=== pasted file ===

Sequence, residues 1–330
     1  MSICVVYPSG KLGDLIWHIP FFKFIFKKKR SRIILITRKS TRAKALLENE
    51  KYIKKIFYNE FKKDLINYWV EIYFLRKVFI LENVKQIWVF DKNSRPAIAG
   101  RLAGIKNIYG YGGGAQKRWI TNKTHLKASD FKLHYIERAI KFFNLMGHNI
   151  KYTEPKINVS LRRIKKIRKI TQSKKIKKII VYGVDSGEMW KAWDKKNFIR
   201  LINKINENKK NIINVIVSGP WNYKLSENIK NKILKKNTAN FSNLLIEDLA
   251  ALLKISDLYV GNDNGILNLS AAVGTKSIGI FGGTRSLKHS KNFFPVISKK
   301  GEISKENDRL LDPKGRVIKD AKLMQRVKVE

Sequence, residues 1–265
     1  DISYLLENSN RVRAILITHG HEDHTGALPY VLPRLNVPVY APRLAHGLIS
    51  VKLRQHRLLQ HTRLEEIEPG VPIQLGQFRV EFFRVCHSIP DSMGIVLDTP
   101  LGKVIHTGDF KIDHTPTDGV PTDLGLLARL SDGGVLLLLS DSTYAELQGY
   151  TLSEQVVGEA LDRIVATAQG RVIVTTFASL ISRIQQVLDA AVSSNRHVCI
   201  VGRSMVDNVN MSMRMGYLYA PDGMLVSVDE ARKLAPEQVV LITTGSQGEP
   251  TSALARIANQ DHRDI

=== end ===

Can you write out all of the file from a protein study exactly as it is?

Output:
Sequence, residues 1–330
     1  MSICVVYPSG KLGDLIWHIP FFKFIFKKKR SRIILITRKS TRAKALLENE
    51  KYIKKIFYNE FKKDLINYWV EIYFLRKVFI LENVKQIWVF DKNSRPAIAG
   101  RLAGIKNIYG YGGGAQKRWI TNKTHLKASD FKLHYIERAI KFFNLMGHNI
   151  KYTEPKINVS LRRIKKIRKI TQSKKIKKII VYGVDSGEMW KAWDKKNFIR
   201  LINKINENKK NIINVIVSGP WNYKLSENIK NKILKKNTAN FSNLLIEDLA
   251  ALLKISDLYV GNDNGILNLS AAVGTKSIGI FGGTRSLKHS KNFFPVISKK
   301  GEISKENDRL LDPKGRVIKD AKLMQRVKVE

Sequence, residues 1–265
     1  DISYLLENSN RVRAILITHG HEDHTGALPY VLPRLNVPVY APRLAHGLIS
    51  VKLRQHRLLQ HTRLEEIEPG VPIQLGQFRV EFFRVCHSIP DSMGIVLDTP
   101  LGKVIHTGDF KIDHTPTDGV PTDLGLLARL SDGGVLLLLS DSTYAELQGY
   151  TLSEQVVGEA LDRIVATAQG RVIVTTFASL ISRIQQVLDA AVSSNRHVCI
   201  VGRSMVDNVN MSMRMGYLYA PDGMLVSVDE ARKLAPEQVV LITTGSQGEP
   251  TSALARIANQ DHRDI